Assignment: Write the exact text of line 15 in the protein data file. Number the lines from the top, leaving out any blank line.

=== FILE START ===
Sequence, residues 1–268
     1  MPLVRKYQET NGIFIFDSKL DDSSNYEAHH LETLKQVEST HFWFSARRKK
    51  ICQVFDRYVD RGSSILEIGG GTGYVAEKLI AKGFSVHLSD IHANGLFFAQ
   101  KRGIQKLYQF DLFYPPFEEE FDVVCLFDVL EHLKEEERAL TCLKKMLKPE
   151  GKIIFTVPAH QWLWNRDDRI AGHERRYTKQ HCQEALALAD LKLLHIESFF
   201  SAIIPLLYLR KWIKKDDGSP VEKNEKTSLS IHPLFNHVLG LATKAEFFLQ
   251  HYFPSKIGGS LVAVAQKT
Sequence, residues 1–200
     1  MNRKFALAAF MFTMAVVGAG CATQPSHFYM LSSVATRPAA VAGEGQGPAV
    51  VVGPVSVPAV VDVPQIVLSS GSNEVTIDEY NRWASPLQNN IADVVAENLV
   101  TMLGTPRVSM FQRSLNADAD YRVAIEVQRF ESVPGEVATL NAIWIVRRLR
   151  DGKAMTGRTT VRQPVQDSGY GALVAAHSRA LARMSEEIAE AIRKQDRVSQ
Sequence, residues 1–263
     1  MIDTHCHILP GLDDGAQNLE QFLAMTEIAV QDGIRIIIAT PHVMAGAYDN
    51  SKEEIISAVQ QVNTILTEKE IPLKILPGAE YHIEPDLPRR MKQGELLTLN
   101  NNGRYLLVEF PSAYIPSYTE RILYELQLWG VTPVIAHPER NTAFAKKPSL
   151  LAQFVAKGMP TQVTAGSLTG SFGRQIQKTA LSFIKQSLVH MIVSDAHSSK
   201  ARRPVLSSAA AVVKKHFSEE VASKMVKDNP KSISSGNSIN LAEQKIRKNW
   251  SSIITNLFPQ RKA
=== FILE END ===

    51  SKEEIISAVQ QVNTILTEKE IPLKILPGAE YHIEPDLPRR MKQGELLTLN